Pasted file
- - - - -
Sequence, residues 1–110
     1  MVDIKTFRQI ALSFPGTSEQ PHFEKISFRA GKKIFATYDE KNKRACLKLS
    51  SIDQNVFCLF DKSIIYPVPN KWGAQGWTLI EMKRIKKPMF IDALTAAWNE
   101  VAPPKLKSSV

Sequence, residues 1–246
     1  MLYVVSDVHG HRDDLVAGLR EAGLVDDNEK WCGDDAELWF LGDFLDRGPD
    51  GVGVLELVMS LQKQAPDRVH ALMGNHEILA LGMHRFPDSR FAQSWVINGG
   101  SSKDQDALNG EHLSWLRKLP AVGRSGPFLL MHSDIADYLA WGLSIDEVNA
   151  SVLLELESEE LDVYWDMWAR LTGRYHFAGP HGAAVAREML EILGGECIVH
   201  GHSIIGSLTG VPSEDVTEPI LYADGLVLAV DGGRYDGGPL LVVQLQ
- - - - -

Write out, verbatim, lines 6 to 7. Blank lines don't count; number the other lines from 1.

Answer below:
     1  MLYVVSDVHG HRDDLVAGLR EAGLVDDNEK WCGDDAELWF LGDFLDRGPD
    51  GVGVLELVMS LQKQAPDRVH ALMGNHEILA LGMHRFPDSR FAQSWVINGG